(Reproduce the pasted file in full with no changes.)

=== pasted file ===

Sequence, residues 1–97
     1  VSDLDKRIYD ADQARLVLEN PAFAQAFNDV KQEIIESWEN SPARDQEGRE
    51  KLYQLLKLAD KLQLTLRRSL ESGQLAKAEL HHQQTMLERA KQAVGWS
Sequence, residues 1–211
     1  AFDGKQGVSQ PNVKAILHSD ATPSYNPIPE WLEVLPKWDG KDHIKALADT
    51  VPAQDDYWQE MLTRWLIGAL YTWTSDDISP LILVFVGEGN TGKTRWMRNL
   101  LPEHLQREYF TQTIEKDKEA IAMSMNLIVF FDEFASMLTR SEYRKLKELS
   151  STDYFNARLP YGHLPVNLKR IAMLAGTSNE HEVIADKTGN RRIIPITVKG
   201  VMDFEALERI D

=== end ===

Sequence, residues 1–97
     1  VSDLDKRIYD ADQARLVLEN PAFAQAFNDV KQEIIESWEN SPARDQEGRE
    51  KLYQLLKLAD KLQLTLRRSL ESGQLAKAEL HHQQTMLERA KQAVGWS
Sequence, residues 1–211
     1  AFDGKQGVSQ PNVKAILHSD ATPSYNPIPE WLEVLPKWDG KDHIKALADT
    51  VPAQDDYWQE MLTRWLIGAL YTWTSDDISP LILVFVGEGN TGKTRWMRNL
   101  LPEHLQREYF TQTIEKDKEA IAMSMNLIVF FDEFASMLTR SEYRKLKELS
   151  STDYFNARLP YGHLPVNLKR IAMLAGTSNE HEVIADKTGN RRIIPITVKG
   201  VMDFEALERI D